The “Downfall” of the Mall: What it Really Means to Consumers and Communities

Numerous sources (many of them reliable) say that the U.S. consumer should expect a decline in the number of shopping malls nationally. According to a report by Credit Suisse, 20% to 25% of America’s malls will likely close in the coming five years. In addition, the rate of new mall investment property development is likely to decline. According to Encyclopedia.com, there are approximately 1,100 malls in the U.S. That’s about 275 malls closing within five years, with fewer being built to replace them.

Keep in mind, it’s likely that we have just a bit too much mall space around and a correction is in order. According to data from Cowen and Company and published in The Atlantic, the U.S. has more than 7.5 million square feet of leasable shopping center space. In addition, shopping center space per person in the U.S. is higher than in other countries, with almost 24 square feet of shopping center space for every person in America. Overall, malls have been a consistently profitable type of investment property and as a result real estate investing and development has accelerated over the past 25 years.

 Downfall of the Mall

So, what does the likely decline in the number of malls mean to U.S. consumers and communities?

  •  Less choice? Not necessarily – One of the big reasons that malls are closing is because folks are using alternatives to the mall store. Also, many communities simply have too many malls. So while there may be a lack of retail choices in some areas, consumers will generally have just as many options as ever.
  •  Store-closing bargains, best of luck with that – It’s true that there may be some deals to be had when the mall in town or the major stores close their doors. Be aware though:
    • Everyone thinks there are bargains out there. So competition for the good stuff may be steep. The best merchandise will go fast.
    • Many retailers will send less marketable merchandise to their closing stores. The lure of low prices can often end in the customer getting no bargain at all.
    • If a retailer goes into liquidation or bankruptcy, an altogether different company comes in to sell off the merchandise. Liquidation companies are very savvy about pricing products in their favor. After all, it’s their only business.
  • Extreme value retail, a potential opportunity – The Credit Suisse report also noted that retailers that offer value products and pricing will increase from a 25% market share to a 35% share of sales. The many malls that do survive will offer more products that provide a balance of quality and value pricing, which will hopefully give consumers a much needed break.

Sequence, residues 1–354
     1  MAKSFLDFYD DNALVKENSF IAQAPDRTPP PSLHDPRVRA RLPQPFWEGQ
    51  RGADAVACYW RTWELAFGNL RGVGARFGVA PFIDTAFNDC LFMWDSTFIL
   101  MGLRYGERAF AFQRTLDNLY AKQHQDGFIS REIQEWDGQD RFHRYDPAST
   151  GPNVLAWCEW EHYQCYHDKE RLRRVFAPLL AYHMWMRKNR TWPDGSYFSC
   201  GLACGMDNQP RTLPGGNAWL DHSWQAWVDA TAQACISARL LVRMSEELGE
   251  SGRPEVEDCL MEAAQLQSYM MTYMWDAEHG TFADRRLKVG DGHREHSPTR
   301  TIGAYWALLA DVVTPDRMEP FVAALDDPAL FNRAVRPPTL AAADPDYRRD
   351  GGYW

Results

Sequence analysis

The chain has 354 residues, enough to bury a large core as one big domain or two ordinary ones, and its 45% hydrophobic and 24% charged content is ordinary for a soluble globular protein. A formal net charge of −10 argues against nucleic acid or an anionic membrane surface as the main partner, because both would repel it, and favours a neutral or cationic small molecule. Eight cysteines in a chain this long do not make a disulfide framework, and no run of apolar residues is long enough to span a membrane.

• Vacant properties, lost taxes, a community challenge – For local communities, one of the biggest challenges with mall closings is the loss of tax revenue and the potential blight and security issues a vacant mall can cause. Local elected officials, business leaders and concerned residents often get involved to ensure that safety is maintained and that new sources of tax revenue are explored.
  • Adaptive reuse, a great opportunity – Imagine the failing mall in your town being converted into an indoor food and entertainment complex; or how about flexible office space for small and mid-sized businesses with services for entrepreneurs that are starting a business; or what if they turned the mall into a community center with shops and a place for youth, seniors, and everyone in between? Some malls can be saved and used for a different purpose. Often though, because of structural issues, it’s preferable to demolish the buildings and redevelop the land as a new investment property. But for newer malls that are not profitable and in good shape, adaptive reuse could be the best option.

We tend to think of things like the mall as static--something that has always been a part of our lives and something that will always be there. But imagine, before the 1950s, the modern mall didn't even exist. Malls in their current form may disappear someday, but they are likely to be replaced with other shopping and entertainment options that we can only imagine today. Rest assured, as long as consumers have money, real estate investing developers and businesses will find ways for us to spend it.

If you enjoyed this article, make sure to check out our other great TheMoneyShelf.com content including information about making and saving money, starting a business, how to get the most out of your money, as well as some of the best books about money and personal finance available.

John Florio, MBA 
TheMoneyShelf.com

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